Complex Fractions


Uploaded by MuchoMath on 01.03.2009

Transcript:
>> Professor Perez: Hey!
This is Professor Perez from Saddleback College.
Today, we're going to work on complex fractions!
And of course, we cannot get started without our student of the semester, and that's Charlie.
He better be ready to go!
Hey Charlie, you ready to go?
We're doing your favorite subject!
>> Charlie: What?
>> Professor Perez: Complex fractions!
Yeah, he like those!
Charlie's a complex person.
>> Charlie: What?
>> Professor Perez: Never mind, Charlie.
Let's get started, right there!
Now, first we're going to do a review.
Here, we are dividing with fractions.
Now, what do we do when we divide with fractions, Charlie?
>> Charlie: Multiply by the reciprocal.
>> Professor Perez: That's right.
So, here we go.
Notice, it's times 4 over 1.
The 2 thirds does not change.
Okay, now, how do we multiply fractions, Charlie?
>> Charlie: Straight across the top and straight across the bottom!
>> Professor Perez: Straight across the top and straight across the bottom!
Very nice!
And so, what's our answer, Charlie?
>> Charlie: 8 thirds.
>> Professor Perez: 8 thirds.
Very nice.
Now, here's the same problem.
But now, it's being presented as a complex fraction.
Don't get scared.
Okay, Charlie, now, we're going
to use our clearing fractions technique, or Kung-Fu fractions.
In order to do that, we need the lowest common denominator from both the fraction
from the top and the fraction on the bottom.
So, what's the LCD, Charlie?
>> Charlie: 12.
>> Professor Perez: Very nice.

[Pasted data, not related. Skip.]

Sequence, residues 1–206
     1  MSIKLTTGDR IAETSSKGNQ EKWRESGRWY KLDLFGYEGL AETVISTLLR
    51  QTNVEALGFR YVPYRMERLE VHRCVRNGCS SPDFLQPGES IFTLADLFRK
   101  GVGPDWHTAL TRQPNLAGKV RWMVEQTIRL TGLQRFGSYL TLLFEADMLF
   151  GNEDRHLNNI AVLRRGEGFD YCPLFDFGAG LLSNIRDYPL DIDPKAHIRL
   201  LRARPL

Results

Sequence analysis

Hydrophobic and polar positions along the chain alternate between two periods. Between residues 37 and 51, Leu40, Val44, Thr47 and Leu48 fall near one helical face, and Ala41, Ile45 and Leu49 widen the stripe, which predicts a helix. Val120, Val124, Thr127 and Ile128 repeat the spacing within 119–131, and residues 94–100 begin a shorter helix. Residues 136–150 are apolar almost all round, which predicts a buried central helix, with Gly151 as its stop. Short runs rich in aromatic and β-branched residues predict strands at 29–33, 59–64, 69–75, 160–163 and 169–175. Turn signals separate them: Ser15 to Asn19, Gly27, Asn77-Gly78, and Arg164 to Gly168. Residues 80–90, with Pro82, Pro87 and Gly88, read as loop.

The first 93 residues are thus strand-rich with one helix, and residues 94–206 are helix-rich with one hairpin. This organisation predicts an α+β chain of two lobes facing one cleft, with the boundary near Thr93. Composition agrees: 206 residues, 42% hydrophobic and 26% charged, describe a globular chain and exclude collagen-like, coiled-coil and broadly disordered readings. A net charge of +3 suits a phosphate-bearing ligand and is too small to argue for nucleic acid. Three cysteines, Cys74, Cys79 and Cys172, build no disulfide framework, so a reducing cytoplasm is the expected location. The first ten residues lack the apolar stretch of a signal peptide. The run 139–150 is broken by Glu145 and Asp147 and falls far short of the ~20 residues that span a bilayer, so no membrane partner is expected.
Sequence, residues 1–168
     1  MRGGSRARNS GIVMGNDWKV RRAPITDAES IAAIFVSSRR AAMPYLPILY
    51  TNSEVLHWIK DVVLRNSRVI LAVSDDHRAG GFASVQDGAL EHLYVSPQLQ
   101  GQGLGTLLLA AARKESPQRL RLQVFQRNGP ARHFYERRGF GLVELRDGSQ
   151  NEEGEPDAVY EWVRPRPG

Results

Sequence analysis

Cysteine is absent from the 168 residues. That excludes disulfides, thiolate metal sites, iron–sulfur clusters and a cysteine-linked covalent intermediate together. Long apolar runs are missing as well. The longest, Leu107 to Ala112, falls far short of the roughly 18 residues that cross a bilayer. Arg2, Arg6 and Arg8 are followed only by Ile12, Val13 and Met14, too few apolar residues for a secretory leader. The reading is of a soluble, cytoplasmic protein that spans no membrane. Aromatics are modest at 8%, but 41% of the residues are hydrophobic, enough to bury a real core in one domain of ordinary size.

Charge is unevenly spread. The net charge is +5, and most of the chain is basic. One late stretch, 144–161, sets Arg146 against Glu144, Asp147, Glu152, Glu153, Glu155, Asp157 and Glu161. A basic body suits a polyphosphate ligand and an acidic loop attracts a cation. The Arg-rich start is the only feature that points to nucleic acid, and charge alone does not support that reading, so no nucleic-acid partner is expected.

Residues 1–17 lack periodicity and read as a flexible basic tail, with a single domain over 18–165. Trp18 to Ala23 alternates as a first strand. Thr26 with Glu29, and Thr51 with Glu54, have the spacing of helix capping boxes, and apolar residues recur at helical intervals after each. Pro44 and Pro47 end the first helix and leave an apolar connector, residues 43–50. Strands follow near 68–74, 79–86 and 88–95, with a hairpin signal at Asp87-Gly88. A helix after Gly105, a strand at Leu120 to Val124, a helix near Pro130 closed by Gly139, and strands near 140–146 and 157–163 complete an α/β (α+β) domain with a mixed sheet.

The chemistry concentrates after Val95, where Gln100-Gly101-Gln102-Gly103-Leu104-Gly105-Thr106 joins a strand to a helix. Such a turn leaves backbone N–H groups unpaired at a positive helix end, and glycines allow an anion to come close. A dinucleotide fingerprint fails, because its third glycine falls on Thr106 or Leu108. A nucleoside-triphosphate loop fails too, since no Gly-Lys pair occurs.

Now, what we're going to do, is multiply both the top and the bottom by the LCD,
and here goes our Kung-Fu fraction technique, Charlie.
Okay, 3 goes into 12?
>> Charlie: 4.
>> Professor Perez: And 4 times 2?
>> Charlie: 8.
>> Professor Perez: Very nice there, Charlie.
And 4 goes into 12?
>> Charlie: 3.
>> Professor Perez: And 3 times 1?
>> Charlie: 3.
>> Professor Perez: Is 3.
Very nice and notice, the two answers are exactly the same.
Now, I know some of you are saying, well, I'm always going to do it that way.
Yeah, you will on these, but don't worry, they're going to get more complicated.
That's right.
And by the way, these are non-calculator problems so, all of you calculator kids
out there, put those calculators away, okay?
All right, let's do another one.
Here we go, Charlie.
Now, look at the two fractions, what is the lowest common denominator?
>> Charlie: 21.
>> Professor Perez: Very nice there, Charlie.
So, we're going to multiply both the top and the bottom by 21,
and let's do our Kung-Fu fraction technique, Charlie.
7 goes into 21...
>> Charlie: 3.
>> Professor Perez: And 3 times 3?
>> Charlie: 9.
>> Professor Perez: Is 9, that's right.
Yes, that's a negative 3.
My mistake.
3 times negative 3 is a negative 9.
There you go, Charlie.
Now, I got distracted, be quiet!
>> Charlie: What?
>> Professor Perez: All right, Charlie.
21 goes into 21?
>> Charlie: 1 time.
>> Professor Perez: And 1 times 5?
>> Charlie: 5.
>> Professor Perez: Very nice there, Charlie.
Our answer is negative 9 over 5.
Or, remember, we can put the negative in front and say it's negative 9 fifths, same answer.
Okay, now, that was a good warm up.
Let's get to the more complicated problems.
That's right.
These are called the attitude adjustment problems, for him!
All right, Charlie, don't get scared, here we go, right there.
That's right.
Now, just relax.
Use the force!
All you've got to do is find the lowest common denominator for all of your fractions.
Remember, don't just look at the top and don't just look at the bottom.
You have to look at all of them.